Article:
Formula 1's so-called 'top five' understand the concerns of the sport's smaller teams, that is the claim of Red Bull team boss Christian Horner.

In a week when the plight of those teams unable to seemingly get their voice heard when it comes to deciding rule changes has been put into focus, Horner denies that those worries are being ignored.

This comes after it was announced during the Bahrain Grand Prix that the budget cap idea had again been scrapped, however, there is a key meeting of F1's Strategy Group to discuss ways of cutting costs on May 1.

Horner denies that the power of the 'big five' and Williams for historical reasons have by having seats on that Strategy Group was used to squash the budget cap plan, instead the decision to drop it was because the group felt more meaningful cost cuttings could be made by greater regulations.

"Absolutely, because as the end of the day we have to have somebody to race against," Horner replied when asked by Autosport if the Strategy Group understood the worries of smaller teams.

"You've got Lotus, whose situation has been fairly dire for the last couple of years, and Williams, who are run on a tight budget, that have key representation in that Group.

"So gauging their opinion is fairly important."

Indeed the 40-year-old raised a very valid point as to why a simple budget cap would have had very little bearing on those teams on low budgets.

"How could a 200 million dollar cost cap help Sauber?" he asked. "It saves them not one dollar.

"The fundamental issues are: what are our cost drivers? If you address those cost drivers, and then create a more level playing field, with more creativity for the teams, then that is a far more healthy way of doing that than suppressing from the top down."

Indeed with recent rumours suggesting a return of active suspension is being considered as well as other ways at reducing costs while trying to increase the revenue teams make, there is hope that the current gulf in financial capabilities from the top to the bottom of the F1 grid can be narrowed.

But Horner was critical of those smaller teams who argue their voice is not being heard by not being on the Strategy Group because he says those teams agreed to the current structure by signing up to the new Concorde Agreement with F1 chief Bernie Ecclestone.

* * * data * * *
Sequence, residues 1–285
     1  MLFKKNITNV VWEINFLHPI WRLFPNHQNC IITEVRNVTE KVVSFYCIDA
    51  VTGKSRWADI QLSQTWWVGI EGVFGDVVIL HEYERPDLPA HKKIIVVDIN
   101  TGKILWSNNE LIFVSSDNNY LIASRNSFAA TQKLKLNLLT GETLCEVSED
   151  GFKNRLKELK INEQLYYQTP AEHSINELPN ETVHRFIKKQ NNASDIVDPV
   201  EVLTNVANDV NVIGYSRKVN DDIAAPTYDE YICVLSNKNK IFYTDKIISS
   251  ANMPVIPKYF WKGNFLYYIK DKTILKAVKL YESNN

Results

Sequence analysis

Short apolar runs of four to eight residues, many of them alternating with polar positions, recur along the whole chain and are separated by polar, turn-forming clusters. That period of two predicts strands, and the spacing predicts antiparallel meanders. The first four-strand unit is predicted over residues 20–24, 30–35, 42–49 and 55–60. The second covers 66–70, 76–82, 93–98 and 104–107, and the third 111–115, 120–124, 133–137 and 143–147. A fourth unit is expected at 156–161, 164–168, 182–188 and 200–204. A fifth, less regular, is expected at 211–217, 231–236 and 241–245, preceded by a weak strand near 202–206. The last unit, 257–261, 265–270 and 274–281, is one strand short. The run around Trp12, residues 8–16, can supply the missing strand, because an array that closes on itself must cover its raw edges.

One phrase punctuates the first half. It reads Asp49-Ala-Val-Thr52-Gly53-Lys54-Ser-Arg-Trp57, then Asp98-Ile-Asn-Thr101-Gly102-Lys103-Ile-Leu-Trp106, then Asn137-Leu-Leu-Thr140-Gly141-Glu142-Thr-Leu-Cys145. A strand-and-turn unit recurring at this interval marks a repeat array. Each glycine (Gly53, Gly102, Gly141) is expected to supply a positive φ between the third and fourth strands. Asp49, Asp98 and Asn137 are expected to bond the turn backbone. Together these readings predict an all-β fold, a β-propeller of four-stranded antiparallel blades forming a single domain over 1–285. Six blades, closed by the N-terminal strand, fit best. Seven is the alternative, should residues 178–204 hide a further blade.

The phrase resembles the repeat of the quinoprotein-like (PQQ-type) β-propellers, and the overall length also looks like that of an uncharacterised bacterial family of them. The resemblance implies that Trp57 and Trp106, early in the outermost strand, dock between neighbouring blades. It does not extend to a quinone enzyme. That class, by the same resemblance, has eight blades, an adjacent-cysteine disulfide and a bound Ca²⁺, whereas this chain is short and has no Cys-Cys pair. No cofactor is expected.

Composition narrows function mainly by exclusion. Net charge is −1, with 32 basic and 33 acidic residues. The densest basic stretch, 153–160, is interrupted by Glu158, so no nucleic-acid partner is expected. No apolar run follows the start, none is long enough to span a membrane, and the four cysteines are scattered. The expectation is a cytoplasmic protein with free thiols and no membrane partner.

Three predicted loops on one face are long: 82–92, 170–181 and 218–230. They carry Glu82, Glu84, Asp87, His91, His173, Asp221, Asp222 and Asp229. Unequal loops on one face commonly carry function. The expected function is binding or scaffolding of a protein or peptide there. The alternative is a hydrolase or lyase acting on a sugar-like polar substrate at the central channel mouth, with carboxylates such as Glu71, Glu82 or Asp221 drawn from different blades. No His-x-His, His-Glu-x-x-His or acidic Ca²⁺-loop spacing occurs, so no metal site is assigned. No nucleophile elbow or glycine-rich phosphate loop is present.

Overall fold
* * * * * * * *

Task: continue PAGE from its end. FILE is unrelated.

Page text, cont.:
"It's a bit hypocritical to be complaining about something they've all signed up to," he said.

"The purpose and formation of the Strategy Group means there are teams in there who are in the same situation as Force India for example, or worse.

"So there is a balanced view in that discussion. The Strategy Group is exactly that: in that it looks at the strategy for the future of the sport," he added.

Certainly when considering the current power structure in F1 there is a lot that could be different. As much as Horner likes to portray a 'holier than thou' image when it comes to how considerate his and other top teams are to those on lower budgets there is no doubting any opportunity to keep a rival down is taken advantage of.

What was true, I believe, was his point on the budget cap, to say a team can spend no more than $200m is fine but then if a team barely spends a quarter of that what difference does that really make?

It would be preposterous to think F1 could ever go to a time when all the teams had the same budget because quite frankly some teams are always going to be more attractive to sponsors than others.

To say F1 can be fair for all is incomprehensible, at the end of the day there will always be a greater financially benefit by coming in first rather than 21st. However, surely a more equal share of the revenue funds handed out by Ecclestone can be considered as can trying to better regulate what the base figure is a team has to spend to be both financially viable and competitive on a racetrack.

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Formula 1